pitch, slip is an exhibition of new paintings by Oshawa-raised artist Alex Close concerned with the slippery nature of effort and trust. Employing organic tones beside brash bursts of colour, Close’s chaotic compositions disorient and destabilize the viewer, placing them in a position to question what they see. Like sedimentary rocks, these works are composites, not of fossils and minerals, but of abstract shapes and surface textures. For her, these works allude to distant memories and speculative places, but she is excited by the diversity of interpretations different viewers will find in these elusive planes.
The exhibition’s title might bring a handful of specific actions to mind: a singer strives to reach a certain note; a pitcher throws a ball to a player at bat; an employee pitches a new project to their boss. The title also points to a tent pitched and slippery slopes. These divergent definitions, of effort and uneven ground, all influenced the creation of this new body of work; however, Close is particularly interested in the mutual construction of meaning in public space. Her paintings invite the viewer to exert the same kind of effort they might put towards deciphering truth in an image-saturated world.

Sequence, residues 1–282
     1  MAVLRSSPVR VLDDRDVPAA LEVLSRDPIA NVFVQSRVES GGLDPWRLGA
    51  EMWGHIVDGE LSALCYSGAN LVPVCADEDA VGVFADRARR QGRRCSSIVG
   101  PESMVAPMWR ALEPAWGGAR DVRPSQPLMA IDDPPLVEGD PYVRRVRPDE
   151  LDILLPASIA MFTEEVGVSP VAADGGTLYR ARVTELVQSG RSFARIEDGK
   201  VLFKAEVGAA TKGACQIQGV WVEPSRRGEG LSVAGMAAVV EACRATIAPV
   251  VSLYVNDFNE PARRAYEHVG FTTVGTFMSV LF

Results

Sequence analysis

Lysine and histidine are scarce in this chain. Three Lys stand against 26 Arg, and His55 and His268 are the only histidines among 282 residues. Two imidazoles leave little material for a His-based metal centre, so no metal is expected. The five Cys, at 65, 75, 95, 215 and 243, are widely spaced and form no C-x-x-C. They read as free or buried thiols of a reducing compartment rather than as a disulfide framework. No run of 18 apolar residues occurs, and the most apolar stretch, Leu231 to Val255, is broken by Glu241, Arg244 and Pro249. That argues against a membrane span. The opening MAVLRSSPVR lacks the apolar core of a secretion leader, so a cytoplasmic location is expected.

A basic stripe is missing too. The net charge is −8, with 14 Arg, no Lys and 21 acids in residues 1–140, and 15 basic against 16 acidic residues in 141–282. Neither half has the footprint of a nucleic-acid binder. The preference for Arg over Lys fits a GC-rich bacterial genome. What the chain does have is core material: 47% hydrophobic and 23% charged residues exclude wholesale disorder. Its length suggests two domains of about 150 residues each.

Alongside instances of voices wavering or tosses falling short, Close is also interested in the slippages of her own memory. Reflecting on an unrealistic desire to remember places and events with absolute clarity, she leans into the patchy nature of remembrance, allowing fleeting impressions to compose imperfect, but provocative images in her mind. Translating those memory maps into paintings, Close ponders the nature of trust as it relates to the images we encounter, not only in our day-to-day lives, but those preserved in our own minds. Like a fond memory reworked with each reminiscence, her compositions are approximations, ideas pitched and slipping, somehow faithful and deceptive at the same time.
This exhibition is supported by the RBC Foundation’s RBC Emerging Artist Project.
Installation of pitch, slip at The Robert McLaughlin Gallery, 2023. Images by Toni Hafkenscheid.